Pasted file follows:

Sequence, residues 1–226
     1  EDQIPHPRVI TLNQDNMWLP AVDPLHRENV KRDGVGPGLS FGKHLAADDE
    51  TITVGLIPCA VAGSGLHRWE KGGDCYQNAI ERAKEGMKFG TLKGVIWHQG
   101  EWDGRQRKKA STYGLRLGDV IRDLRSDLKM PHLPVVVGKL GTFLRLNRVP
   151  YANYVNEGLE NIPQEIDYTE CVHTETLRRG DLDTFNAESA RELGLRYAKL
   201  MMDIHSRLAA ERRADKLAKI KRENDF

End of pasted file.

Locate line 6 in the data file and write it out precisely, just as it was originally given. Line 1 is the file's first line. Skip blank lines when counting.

   201  MMDIHSRLAA ERRADKLAKI KRENDF